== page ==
Playing Politics


The leaders of Irelands four largest political parties

With promises of a ‘new Ireland’ from political parties, Rachel Maher examines our political parties and broken promises

Everybody talks about a new world in the morning,” sings Roger Whittaker in the song ‘New World in the Morning’. If we were to believe our political parties we would hear them promise to create a “New Ireland” in the morning, but does it really make a difference which political parties’ promises we choose to believe or are we simply condemned to live in a country over which we, the citizens, have no real control?

Since the Irish state was formed over 70 years ago, we have seen no real or radical changes in Irish politics. The financial collapse of 2008 and our agreement to the bailout offered by the Troika of the EU, IMF and EMF, has forced the Irish government to work within the Troika’s constraints,  irrespective of which party they belong to.

The current Fine Gael-Labour coalition government, elected in 2011, stormed into the Dáil with promises of political and economic reform. Two years into their five year term, many of their “New Era” pledges remain unfulfilled.

Pre-election, our current Finance minister Michael Noonan described our then-imminent European Union/International Monetary Fund bailout deal as an “obscenity”. Yet, shortly after jointly assuming power, the Tánaiste and Labour party leader Eamon Gilmore stated: “It was never going to be the case that renegotiation of the agreement was something that was going to be done”. This is possibly more of  an admission of his party’s empty promises than the government having little or no control over Ireland’s future as part of a German-led European fiefdom.

This government has introduced the household charge despite the Labour parties’ former view that “the family home should not be taxed”. Another significant pre-election promise made by Fine Gael was that of free GP care and yet the government still fails to indicate when they plan to implement this promise. Fine Gael guaranteed that the number of TDs would be reduced by 20, yet this government’s Electoral Act has only cut six Dáil positions. Fine Gael’s job creation promises show no benefit as the Irish labour market is still in severe crisis, with the latest Live Register figures calculating unemployment to be at 14.7%. On top of this, child benefit was cut significantly in the 2012 budget, with larger families being directly hit by the cutbacks. More pain is indicated by the Education minister Ruairi Quinn, who had previously asserted that university fees would not be reintroduced, but who now refuses to rule out an increase in the Student Contribution Charge or perhaps the introduction of third level fees.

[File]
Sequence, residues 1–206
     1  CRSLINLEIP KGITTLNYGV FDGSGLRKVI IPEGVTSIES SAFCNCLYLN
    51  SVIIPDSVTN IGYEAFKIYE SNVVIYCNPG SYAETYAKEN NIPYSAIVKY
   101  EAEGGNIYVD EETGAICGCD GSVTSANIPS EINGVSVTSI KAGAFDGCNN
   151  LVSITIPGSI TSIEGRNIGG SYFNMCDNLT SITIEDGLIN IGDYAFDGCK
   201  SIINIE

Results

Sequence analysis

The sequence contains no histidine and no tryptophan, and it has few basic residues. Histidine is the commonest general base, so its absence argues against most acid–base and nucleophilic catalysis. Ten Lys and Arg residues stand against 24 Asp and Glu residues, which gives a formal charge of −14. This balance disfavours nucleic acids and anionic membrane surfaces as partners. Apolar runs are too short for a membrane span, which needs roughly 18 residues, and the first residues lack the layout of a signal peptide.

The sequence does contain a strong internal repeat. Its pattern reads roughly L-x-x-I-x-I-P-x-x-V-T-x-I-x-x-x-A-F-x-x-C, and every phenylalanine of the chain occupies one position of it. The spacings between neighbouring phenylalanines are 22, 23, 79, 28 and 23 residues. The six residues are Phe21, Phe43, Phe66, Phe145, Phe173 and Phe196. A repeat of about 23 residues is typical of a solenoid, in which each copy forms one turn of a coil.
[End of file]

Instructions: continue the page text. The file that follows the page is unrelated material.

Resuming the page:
Other Irish political bodies provide little concrete alternatives to the current government’s strategies, instead merely sniping about what the governing party is or isn’t doing, without providing viable alternatives.

Sinn Féin made the most considerable advances in the last election. However, with no real leadership experience, it is difficult to predict how they would undertake the pressures of directing the country. Their policies declare “an end to the over-centralisation of hospitals” and a “crack downs on white collar crime”. The economic section of their proposed policies states the need for a “new, robust regulatory system” and that “tax and social welfare systems should be redistributive”.

Sinn Féin has maintained that should they be elected, they would “save in good times” and spend in bad times. Although we are currently in ‘bad times’ and will be for the foreseeable future, the party’s manifesto does not propose ways to deal with the present financial predicament. While these statements detail issues which need to be addressed by the government, Sinn Féin’s policies provide no concrete action as to how they would tackle these problems if they were to be elected.

The very experienced Fianna Fáil published their most recent policy guide in spring 2012. Similarly to Sinn Féin, they are eager to point out this government’s “broken promises”, with an entire section of their guide devoted to criticising the coalition. This guide also lists achievements made during their 1997-2010 period of power. Fianna Fáil asserts that they would reduce tax expenditure and broaden the tax base should they return to government.

Interestingly, they point out the need for political reform, proclaiming that “breaking the link” between business and politics is an integral part of Fianna Fáil’s vision. With many of the decisions that led to our current economic crisis having been made while Fianna Fáil were in leadership, one must wonder how committed they really are to these policies. Again however, like Sinn Féin, there is no clear blueprint as to how Fianna Fáil would manage the country differently to the Fine Gael/Labour coalition.

The United Left Alliance, although they have a stronger voice than has traditionally been seen from Independent TDs in the Dáil, simply do not have enough members to form a government. It seems that they can do little more than promote certain issues and cause debate.

Roger Whittaker’s song ends with the lyric “I can feel a new tomorrow coming on… Everyone talks about a new world in the morning. New world in the morning takes so long”. This seems to be the problem the Irish citizen is faced with, the new Ireland that is promised by all political parties never seem to materialise quickly enough. Perhaps the public should stop blindly accepting the promises of this new world from political parties. Instead, perhaps  adopting Mr Whittaker’s line in the song when he sings, “I myself don’t talk about a new world in the morning. New world in the morning, that’s today” and from this see that it is our responsibility.